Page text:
WHAT YOU NEED TO KNOW:
- Rep. Kevin McCarthy said Democrats could influence the next House speaker choice if Republicans fail to unite.
- McCarthy warned, “If we play games on the floor, the Democrats can end up picking who the speaker is.”
- McCarthy is working to round up votes among GOP members that he’ll need to lead the lower chamber.
House Minority Leader Kevin McCarthy warned that Democrats could “end up picking” the next House speaker if House Republicans fail to support him.
Time is ticking before the Jan. 3 House speaker vote — and McCarthy is at risk of falling short of the 218 votes necessary to secure the post amid a far-right revolt.
House Republicans won a narrow majority in the midterm elections, so a small number of members could prevent McCarthy’s bid.
With a majority of likely only five or six seats, any GOP speaker candidate can only afford to lose a handful of votes if they’re banking on support from their party alone.
“We have to speak as one voice. We will only be successful if we work together, or we’ll lose individually,” McCarthy said during a Monday interview on conservative outlet NewsMax program “Spicer & Co.”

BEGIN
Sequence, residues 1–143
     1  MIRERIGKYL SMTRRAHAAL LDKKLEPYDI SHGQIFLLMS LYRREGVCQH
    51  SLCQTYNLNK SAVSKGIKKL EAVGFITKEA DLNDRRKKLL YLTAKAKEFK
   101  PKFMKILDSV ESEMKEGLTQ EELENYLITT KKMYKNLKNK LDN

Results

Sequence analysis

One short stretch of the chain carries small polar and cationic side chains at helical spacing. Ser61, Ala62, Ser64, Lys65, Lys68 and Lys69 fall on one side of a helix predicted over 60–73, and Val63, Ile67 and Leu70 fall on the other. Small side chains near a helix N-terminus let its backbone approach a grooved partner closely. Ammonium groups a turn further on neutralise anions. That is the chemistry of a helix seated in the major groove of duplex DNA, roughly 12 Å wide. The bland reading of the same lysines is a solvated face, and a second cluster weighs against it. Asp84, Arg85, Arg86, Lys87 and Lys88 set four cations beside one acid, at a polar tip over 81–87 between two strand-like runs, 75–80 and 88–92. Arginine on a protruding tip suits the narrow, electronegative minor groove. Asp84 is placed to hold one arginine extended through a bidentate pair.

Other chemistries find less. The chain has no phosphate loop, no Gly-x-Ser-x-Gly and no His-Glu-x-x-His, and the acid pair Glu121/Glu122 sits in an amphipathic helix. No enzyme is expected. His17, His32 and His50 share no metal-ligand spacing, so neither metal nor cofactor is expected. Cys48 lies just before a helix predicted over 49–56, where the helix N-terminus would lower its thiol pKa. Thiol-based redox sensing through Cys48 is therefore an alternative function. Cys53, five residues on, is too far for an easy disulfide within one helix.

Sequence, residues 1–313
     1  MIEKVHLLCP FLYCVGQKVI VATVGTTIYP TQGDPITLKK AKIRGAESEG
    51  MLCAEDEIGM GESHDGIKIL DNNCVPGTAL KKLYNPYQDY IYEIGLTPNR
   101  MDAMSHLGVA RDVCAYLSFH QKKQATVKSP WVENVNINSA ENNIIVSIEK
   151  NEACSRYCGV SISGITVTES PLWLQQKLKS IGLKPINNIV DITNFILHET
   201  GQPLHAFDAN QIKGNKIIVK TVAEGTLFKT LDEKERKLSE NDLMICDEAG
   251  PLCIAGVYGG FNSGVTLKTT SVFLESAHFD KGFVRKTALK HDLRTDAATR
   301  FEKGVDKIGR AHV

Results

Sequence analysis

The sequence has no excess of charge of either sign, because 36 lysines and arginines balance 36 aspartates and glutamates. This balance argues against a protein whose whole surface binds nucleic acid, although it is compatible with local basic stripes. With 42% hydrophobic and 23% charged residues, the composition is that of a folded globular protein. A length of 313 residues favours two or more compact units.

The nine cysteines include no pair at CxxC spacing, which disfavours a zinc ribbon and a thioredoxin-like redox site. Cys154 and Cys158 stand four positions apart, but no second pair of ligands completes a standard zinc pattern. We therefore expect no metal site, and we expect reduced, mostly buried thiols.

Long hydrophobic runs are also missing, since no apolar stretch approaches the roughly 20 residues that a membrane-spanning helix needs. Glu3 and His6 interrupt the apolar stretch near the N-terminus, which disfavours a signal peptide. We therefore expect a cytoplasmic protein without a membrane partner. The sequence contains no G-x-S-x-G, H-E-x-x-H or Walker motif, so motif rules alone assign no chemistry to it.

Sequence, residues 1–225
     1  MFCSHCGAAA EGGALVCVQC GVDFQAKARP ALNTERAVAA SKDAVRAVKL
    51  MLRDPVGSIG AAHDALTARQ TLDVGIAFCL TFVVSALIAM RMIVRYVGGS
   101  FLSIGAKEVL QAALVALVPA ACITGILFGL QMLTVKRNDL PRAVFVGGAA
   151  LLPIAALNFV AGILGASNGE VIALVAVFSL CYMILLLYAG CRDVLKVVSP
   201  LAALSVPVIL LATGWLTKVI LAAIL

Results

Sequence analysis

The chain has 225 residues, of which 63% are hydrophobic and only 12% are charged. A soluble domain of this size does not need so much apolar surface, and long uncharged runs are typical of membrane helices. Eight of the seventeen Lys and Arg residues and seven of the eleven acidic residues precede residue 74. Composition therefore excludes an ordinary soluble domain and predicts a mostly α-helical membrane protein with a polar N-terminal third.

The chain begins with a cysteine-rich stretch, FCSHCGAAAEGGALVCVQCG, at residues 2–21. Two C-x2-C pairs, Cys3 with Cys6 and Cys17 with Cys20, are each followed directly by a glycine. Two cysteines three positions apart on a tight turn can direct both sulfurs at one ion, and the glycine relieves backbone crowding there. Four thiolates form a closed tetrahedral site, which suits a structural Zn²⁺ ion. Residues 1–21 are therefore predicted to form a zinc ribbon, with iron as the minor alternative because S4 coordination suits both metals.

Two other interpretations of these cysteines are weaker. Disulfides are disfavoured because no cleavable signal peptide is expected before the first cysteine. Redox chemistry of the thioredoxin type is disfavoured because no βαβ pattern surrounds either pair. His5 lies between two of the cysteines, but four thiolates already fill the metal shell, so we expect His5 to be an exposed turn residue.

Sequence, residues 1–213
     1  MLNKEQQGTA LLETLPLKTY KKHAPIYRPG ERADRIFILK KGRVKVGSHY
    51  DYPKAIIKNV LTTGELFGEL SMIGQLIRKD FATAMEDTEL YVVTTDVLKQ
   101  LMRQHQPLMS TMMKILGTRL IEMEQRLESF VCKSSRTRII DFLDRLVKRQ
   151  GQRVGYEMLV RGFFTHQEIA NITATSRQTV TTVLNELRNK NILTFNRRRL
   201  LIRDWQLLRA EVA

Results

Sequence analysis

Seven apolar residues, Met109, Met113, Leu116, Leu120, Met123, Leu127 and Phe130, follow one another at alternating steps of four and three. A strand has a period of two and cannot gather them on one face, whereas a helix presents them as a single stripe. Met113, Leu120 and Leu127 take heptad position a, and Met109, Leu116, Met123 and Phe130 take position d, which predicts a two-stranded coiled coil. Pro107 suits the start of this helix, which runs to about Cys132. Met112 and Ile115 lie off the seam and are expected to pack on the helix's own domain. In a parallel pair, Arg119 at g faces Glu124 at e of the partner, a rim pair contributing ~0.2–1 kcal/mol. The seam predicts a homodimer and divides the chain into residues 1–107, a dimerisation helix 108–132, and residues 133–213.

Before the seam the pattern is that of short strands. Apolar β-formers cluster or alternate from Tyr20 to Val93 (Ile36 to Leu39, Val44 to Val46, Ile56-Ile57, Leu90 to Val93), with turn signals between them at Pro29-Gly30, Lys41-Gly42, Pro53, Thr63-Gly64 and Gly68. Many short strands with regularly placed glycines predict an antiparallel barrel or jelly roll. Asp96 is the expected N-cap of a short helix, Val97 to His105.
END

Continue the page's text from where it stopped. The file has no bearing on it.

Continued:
“This is very fragile, that we’re the only stopgap for this Biden administration, and if we don’t do this right, the Democrats can take the majority. If we play games on the floor, the Democrats can end up picking who the speaker is.”
“I think at the end of the day, calmer heads will prevail,” McCarthy said. “We’ll work together to find the best path forward.”
Democrat Rep. Josh Gottheimer, a leading centrist who chairs the bipartisan Problem Solvers Caucus, said that moderates could play a role if McCarthy falls short.
“I think it’s premature to presume that they ultimately won’t figure it out,” he said in an interview last week, “But if they don’t, obviously we stand ready to figure out ways to help govern.”
“We’ll see what Republicans do and how we can get to work,” he added.
Anyone who steps up to be speaker will need support from a majority of voting members — not counting those voting present.
A McCarthy alternative put up by the Freedom Caucus may struggle to get votes from moderate Republicans.
House Republicans earlier this month voted 188–31 by secret ballot to nominate McCarthy for the speaker of the House position. However, several GOP lawmakers are firm in their decision to not support McCarthy, who needs 218 votes.
The Republicans’ lackluster performance in the midterm elections led some conservatives to go against McCarthy’s staying on as the top House Republican.